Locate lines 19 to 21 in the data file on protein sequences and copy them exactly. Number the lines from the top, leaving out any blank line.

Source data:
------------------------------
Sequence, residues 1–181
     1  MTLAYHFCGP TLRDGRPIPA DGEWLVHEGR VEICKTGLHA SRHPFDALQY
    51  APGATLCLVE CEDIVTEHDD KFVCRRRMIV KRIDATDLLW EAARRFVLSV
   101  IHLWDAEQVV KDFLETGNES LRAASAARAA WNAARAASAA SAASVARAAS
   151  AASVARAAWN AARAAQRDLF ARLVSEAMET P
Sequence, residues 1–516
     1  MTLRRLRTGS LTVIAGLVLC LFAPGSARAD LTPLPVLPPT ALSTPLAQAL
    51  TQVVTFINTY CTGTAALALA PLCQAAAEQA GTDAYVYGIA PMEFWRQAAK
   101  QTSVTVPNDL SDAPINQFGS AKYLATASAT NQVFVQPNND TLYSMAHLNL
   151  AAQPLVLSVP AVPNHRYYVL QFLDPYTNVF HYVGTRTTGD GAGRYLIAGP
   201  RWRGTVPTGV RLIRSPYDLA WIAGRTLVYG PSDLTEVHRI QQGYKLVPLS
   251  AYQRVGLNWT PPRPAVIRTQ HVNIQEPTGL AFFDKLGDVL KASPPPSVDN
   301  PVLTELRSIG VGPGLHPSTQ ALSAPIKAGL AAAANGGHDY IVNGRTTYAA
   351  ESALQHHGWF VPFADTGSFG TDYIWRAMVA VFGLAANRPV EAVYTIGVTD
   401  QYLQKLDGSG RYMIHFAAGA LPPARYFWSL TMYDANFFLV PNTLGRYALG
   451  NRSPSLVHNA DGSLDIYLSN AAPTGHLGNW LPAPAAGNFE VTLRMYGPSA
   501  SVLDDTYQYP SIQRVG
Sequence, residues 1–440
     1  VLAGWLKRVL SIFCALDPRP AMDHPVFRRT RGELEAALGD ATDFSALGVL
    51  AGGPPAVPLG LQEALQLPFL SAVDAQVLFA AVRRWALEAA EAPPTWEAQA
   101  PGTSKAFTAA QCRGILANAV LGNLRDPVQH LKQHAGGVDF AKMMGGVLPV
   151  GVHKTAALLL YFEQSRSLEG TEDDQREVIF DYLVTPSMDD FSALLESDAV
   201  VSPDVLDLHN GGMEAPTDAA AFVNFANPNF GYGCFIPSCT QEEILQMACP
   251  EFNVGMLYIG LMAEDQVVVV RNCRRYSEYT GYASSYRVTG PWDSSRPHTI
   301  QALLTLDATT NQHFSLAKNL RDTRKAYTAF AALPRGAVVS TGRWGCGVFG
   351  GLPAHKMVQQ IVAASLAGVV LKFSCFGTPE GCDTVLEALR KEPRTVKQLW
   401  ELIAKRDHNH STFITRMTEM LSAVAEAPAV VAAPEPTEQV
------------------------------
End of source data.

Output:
     1  VLAGWLKRVL SIFCALDPRP AMDHPVFRRT RGELEAALGD ATDFSALGVL
    51  AGGPPAVPLG LQEALQLPFL SAVDAQVLFA AVRRWALEAA EAPPTWEAQA
   101  PGTSKAFTAA QCRGILANAV LGNLRDPVQH LKQHAGGVDF AKMMGGVLPV